For me, creativity has always been a way of standing out from the crowd, doing the unexpected, and adding passion to my work. My parents nurtured my creative side from an early age, gifting me Legos, subscribing me to Popular Science, and encouraging me to get involved in school activities with an artistic angle. I remember creating a hoverboard using a leaf blower in fifth grade, winning the science fair in sixth, and joining my small-town high school newspaper shortly thereafter. Soon, I began designing beautiful centerfolds, reporting on the latest tech topics, and writing poems and short stories. I also began to apply my creative skills to my schoolwork, adding unexpected pizzaz to my assignments.
In college, I continued to develop my creative skills. I taught myself how to code websites, crafted logos for non-profits, tried my hand at techie DIY projects (parabolic wi-fi dish, anyone?), and began painting abstract art. I also continued to apply my creative design and writing skills to the classroom and leadership positions in student government. Creativity helped me stand out in these venues and present my ideas in compelling ways. Furthermore, infusing imagination into everything I did made tasks fun and fulfilling. This strategy also worked well for me in law school, where I developed my love for all things intellectual property: patents, copyrights, trademarks, trade secrets, right to publicity, you name it. That passion continued to develop after law school as a clerk to a federal judge in the District of Minnesota.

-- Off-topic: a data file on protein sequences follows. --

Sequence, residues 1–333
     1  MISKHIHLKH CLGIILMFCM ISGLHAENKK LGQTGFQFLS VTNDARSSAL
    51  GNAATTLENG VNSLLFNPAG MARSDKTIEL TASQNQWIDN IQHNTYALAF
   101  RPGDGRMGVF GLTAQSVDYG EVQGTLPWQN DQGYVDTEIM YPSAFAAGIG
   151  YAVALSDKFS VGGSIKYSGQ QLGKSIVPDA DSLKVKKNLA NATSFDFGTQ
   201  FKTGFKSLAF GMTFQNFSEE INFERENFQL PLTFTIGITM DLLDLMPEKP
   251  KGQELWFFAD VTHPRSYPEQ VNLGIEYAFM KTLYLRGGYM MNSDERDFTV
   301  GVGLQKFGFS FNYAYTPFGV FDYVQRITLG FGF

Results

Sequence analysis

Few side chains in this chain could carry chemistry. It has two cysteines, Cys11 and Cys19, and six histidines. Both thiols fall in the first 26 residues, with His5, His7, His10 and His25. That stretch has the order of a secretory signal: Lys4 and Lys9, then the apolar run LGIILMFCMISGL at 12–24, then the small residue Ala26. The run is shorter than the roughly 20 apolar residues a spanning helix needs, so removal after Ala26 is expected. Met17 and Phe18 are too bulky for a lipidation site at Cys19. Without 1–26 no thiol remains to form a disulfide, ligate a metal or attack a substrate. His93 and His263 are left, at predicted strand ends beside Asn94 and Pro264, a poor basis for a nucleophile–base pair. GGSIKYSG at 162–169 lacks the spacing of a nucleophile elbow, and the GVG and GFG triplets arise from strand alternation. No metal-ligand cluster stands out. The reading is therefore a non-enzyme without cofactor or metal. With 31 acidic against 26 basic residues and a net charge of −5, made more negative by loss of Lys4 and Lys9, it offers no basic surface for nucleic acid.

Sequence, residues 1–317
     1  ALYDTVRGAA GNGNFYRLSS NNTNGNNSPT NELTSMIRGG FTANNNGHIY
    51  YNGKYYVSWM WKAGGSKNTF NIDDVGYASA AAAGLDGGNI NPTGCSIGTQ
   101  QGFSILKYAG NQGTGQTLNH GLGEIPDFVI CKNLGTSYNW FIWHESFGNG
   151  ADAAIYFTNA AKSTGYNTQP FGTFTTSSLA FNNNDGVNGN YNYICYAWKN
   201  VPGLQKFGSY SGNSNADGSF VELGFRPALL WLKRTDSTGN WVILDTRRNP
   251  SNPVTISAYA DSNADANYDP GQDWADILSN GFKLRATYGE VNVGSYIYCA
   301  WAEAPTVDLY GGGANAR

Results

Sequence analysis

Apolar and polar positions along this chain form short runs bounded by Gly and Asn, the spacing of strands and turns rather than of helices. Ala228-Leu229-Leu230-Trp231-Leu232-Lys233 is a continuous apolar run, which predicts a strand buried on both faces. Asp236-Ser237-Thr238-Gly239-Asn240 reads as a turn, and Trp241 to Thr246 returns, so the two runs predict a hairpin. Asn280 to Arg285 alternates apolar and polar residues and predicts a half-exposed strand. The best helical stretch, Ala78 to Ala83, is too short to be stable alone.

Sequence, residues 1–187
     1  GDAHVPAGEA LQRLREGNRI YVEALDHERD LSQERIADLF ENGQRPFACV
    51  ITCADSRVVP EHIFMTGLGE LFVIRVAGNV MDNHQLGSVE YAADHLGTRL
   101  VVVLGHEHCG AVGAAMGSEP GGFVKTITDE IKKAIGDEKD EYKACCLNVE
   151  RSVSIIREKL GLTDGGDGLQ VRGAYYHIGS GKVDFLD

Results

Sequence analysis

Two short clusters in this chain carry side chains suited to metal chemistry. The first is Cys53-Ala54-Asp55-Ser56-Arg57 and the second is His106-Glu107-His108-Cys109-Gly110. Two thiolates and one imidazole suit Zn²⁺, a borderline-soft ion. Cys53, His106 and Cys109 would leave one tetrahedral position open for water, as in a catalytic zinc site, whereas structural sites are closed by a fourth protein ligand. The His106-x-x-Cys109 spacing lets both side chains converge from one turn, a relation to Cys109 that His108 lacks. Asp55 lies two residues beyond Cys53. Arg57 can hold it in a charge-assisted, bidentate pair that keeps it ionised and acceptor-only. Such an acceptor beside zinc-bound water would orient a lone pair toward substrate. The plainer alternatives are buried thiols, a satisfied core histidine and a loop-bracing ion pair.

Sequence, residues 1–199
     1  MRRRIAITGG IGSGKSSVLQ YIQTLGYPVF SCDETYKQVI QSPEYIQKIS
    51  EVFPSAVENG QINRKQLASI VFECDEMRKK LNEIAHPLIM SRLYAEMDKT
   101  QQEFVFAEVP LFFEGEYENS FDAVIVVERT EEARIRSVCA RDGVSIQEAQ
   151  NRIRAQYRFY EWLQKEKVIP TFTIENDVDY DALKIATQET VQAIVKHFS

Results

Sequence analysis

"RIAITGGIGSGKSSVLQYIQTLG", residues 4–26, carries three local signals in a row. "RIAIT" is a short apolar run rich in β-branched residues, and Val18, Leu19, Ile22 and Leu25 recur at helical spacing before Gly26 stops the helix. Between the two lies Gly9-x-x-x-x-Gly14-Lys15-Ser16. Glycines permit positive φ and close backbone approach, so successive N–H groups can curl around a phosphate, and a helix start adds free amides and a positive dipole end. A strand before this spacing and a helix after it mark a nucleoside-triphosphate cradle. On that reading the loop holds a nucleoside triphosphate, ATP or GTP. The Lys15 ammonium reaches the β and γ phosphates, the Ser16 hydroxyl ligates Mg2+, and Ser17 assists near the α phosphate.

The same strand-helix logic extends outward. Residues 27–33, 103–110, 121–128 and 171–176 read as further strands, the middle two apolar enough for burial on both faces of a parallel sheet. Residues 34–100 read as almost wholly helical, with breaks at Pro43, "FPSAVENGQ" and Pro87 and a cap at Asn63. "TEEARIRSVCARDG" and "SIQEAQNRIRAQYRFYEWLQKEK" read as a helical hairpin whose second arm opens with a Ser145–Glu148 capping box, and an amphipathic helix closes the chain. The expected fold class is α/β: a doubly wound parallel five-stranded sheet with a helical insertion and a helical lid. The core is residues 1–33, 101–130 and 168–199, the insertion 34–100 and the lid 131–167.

Join me on this blog as I return to my journalist roots, discuss contemporary topics in intellectual property, and add creative commentary to the marketplace of ideas.